When Tigers Kill Keepers
There are only 2 Reasons Why Zoo Keepers Are Killed by Tigers
- There has been a failure in the safety measures to keep tigers and zoo keepers apart, or
- The zoo keeper doesn’t understand their relationship with tigers or any other big cat.
There is a lot that can go wrong, from failing latches, to not having a clear line of sight between the cat and keeper to the mishaps that are caused by a keeper purposely entering the cats’ space. Even if the cats are not killed, for doing what comes naturally, they are doomed to life in prison.
Night Houses seem to often be part of the human / big cat mauling or killing scenario and maybe it is because it is such a cruel practice. Cats are most active at night, but for liability reasons are shut in prison-like, windowless, cells by zoos when they are closed. The cats hate it, so they have to withhold food to force them in at night.
Big Cat Rescue does not lock cats up at night and thanks to our mild climate in Florida, does not utilize any sort of indoor housing for the big cats. Because there are no solid walls or doors, the keepers at Big Cat Rescue can always see where the cat is before approaching the enclosure. Caregivers at the sanctuary do not enter the enclosures of any big cat, unless that cat is safely locked into another portion of the cage by the CEO or President and the Operations Manager.
Exotic cats are spectacularly intelligent creatures and have years to plot their escape or revenge.
The second reason keepers are killed by big cats is that they think they are “tiger whisperers” or they think they have some super natural bond with apex predators that makes them special. Anyone who espouses such nonsense shouldn’t be allowed anywhere near a captive big cat, because they clearly do not understand exotic cats. It is just a matter of time before it ends in tragedy.
Cats in cages may be solicitous of their owners or keepers, but that’s because they have to beg for everything. It’s sad to see it, when you think about how majestic these animals are meant to be. Humans mistake their temporary power, ensured by the strength of the cage, for having a bond or relationship with the big cat. Tigers have their own agenda and it doesn’t include pleasing people. Some may not be overtly nasty about it, but given a choice will escape and never look back.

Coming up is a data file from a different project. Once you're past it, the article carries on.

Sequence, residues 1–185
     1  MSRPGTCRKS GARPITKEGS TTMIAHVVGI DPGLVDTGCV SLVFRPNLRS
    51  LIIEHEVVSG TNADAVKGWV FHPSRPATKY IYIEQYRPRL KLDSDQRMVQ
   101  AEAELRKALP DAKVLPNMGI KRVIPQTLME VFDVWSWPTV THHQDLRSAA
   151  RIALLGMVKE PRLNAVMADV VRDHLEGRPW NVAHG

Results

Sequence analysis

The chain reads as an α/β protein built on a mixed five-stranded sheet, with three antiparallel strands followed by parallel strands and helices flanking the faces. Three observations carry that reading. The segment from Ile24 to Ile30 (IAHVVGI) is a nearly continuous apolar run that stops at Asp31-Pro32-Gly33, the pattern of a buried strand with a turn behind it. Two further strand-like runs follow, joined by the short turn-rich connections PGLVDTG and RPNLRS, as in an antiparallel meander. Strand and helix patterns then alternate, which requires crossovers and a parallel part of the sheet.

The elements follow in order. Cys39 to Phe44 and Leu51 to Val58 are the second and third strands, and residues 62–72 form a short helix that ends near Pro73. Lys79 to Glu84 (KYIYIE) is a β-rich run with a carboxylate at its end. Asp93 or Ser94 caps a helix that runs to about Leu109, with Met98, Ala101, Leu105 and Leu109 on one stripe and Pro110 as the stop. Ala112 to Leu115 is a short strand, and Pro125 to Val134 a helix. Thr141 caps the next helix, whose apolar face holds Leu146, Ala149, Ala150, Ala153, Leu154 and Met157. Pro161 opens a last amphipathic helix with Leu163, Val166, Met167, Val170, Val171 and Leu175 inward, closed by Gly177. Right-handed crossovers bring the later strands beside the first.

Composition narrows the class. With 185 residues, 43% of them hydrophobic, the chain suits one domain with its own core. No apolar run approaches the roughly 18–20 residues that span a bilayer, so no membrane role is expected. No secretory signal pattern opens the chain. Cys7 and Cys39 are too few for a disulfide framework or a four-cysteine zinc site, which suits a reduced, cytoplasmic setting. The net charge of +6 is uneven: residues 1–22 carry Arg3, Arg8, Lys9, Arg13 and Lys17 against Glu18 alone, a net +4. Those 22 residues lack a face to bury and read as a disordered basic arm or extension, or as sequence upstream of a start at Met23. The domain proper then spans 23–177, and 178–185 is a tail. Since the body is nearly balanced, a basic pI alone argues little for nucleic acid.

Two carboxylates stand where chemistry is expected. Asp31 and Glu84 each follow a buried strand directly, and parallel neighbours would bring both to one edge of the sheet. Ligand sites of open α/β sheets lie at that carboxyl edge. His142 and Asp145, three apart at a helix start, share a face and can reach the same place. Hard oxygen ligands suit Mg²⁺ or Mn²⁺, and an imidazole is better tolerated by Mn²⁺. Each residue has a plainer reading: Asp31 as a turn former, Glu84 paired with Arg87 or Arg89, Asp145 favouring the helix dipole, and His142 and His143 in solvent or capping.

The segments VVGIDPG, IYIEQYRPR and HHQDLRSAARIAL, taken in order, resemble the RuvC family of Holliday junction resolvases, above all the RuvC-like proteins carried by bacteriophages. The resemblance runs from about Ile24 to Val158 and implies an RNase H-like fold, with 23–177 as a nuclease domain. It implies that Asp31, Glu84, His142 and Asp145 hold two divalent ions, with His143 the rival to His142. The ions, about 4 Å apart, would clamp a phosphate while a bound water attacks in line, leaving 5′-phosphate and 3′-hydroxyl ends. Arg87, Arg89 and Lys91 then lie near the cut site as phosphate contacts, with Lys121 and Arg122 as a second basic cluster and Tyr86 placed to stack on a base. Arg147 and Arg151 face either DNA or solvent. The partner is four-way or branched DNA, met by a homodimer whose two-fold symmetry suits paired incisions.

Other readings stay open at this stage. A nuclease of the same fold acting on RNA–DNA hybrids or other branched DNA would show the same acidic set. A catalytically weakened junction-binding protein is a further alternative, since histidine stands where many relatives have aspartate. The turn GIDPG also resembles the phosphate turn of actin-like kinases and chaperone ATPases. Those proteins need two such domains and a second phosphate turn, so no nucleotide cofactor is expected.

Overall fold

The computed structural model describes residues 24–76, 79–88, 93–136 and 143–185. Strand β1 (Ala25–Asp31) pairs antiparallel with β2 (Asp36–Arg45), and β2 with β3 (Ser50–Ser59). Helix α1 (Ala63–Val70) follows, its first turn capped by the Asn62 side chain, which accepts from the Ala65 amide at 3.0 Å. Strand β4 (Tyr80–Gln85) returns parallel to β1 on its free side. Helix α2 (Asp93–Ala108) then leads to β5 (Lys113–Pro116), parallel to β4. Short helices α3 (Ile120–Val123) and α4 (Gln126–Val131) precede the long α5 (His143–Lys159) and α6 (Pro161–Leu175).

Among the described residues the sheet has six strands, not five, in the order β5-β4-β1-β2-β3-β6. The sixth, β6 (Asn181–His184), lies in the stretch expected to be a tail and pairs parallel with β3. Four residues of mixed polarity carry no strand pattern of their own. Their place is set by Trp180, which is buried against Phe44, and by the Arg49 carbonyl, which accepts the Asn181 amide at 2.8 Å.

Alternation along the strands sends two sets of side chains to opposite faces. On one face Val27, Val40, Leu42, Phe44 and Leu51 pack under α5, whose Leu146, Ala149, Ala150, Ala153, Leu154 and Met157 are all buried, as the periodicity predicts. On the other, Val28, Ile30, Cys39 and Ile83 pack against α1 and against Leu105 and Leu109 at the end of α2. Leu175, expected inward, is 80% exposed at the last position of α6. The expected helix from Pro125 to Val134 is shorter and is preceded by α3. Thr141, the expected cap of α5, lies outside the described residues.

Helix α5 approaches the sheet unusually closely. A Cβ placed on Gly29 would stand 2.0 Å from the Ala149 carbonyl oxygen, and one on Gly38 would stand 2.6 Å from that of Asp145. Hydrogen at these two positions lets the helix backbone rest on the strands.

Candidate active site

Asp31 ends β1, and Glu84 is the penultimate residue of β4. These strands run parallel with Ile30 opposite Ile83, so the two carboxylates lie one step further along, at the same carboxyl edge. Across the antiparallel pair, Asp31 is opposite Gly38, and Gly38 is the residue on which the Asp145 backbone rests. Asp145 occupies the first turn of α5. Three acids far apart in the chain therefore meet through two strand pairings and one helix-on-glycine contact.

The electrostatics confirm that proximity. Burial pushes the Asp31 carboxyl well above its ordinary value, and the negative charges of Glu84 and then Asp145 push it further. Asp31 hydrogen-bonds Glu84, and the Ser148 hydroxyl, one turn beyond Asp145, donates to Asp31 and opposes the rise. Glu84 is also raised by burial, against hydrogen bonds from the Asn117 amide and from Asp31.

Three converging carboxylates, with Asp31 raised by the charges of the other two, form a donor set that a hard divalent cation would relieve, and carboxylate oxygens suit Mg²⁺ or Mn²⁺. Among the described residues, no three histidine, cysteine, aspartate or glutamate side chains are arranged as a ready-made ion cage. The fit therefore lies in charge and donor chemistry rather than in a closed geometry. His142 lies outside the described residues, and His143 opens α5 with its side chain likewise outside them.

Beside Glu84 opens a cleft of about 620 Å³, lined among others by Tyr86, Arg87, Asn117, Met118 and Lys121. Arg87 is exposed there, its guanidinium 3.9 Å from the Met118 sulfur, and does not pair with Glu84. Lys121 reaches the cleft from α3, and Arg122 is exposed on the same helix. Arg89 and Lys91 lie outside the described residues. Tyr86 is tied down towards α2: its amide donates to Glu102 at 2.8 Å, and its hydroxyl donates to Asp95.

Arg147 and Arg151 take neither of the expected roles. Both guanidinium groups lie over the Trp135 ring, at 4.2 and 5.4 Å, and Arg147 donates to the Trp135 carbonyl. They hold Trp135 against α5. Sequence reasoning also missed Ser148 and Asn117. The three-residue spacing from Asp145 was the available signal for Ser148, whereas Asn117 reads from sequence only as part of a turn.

At Big Cat Rescue our caregivers are trained to feed and clean small cats, like bobcats, servals, caracals and lynx for 6 months before they can graduate to cougars. We are a NO TOUCH facility; no, not even their fingertips, may touch the cats! If they prove themselves trustworthy around the smaller cats, they can graduate to cougar keeping. They are with us about two years before they are even allowed to be in the sections where lions, tigers and leopards are housed. That two year process allows us ample time to weed out the delusional people who think they could get away with touching a big cat and live to tell about it.
More Resources on the Captive Big Cat Issues
Just like the better zoos are accredited by AZA, the better sanctuaries are accredited by GFAS. http://SanctuaryFederation.org
These are the big cat standards for GFAS: http://www.sanctuaryfederation.org/gfas/wp-content/uploads/2016/01/FelidStandardsJuly2013HA.pdf
The state of Florida does not allow contact with big cats over 40 lbs., but may have some exemption for employees. http://myfwc.com/license/captive-wildlife/
USDA has enforced actions against facilities that allowed public contact with big cat cubs over the age of 12 weeks, as they can take off a finger at that age and just recently announced they will cite facilities for pimping out cubs under the age of 4 weeks. AZA zoos don’t do that, but there are plenty of backyard breeders that do. https://www.aphis.usda.gov/animal_welfare/downloads/big_cat/big_cat_q&a.pdf
April 3, 2016 USDA cracks down on abuse of cubs under the age of four weeks. In response to a 2012 legal petition filed by The Humane Society of the United States, World Wildlife Fund, Detroit Zoological Society, International Fund for Animal Welfare, Born Free USA, Big Cat Rescue, Fund for Animals and Global Federation of Animal Sanctuaries, theU.S. Department of Agriculture issued guidance making clear that exhibitors violate the Animal Welfare Act by allowing members of the public to handle or feed infant exotic cats like tigers, lions, cheetahs, jaguars or leopards. Read more.
April 5, 2016 USFWS announced that they are rescinding the generic tiger loophole. Big Cat Rescue has been pressuring the USFWS since at least 2007 to rescind this loophole and on 8/22/11 after a meeting with the USFWS the Generic Tiger issue was published to the Federal Register for public comment and got over 15,000 comments in support of our request to ban the breeding of non purebred tigers. Read more.
Big Cat Rescue has been pressuring the USDA since the 90’s and USFWS since at least 2007 to end cub handling and rescind the generic tiger loophole and on 8/22/11 after a meeting with the USFWS the Generic Tiger issue was published to the Federal Register for public comment and got over 15,000 comments in support of our request to ban the breeding of non purebred tigers. According to their Q&A it sounds like the USFWS may still rubber stamp activities that really don’t help tiger conservation, but it’s a step. USDA only banned the contact with cubs under four weeks, but that is a step too.
So What Can You Do to Stop the Abuse and the Killings and Maulings?
As long as big cats are privately owned and used as photo and ego props, the fantasy that they can be handled safely will prevail and accidents will continue to happen.
Regulations can’t work, because USDA and USFWS don’t have the resources nor apparently the will to enforce the weak rules they have, so that is why we need an all out ban on the private possession of big cats. You can help get that done at http://BigCatAct.com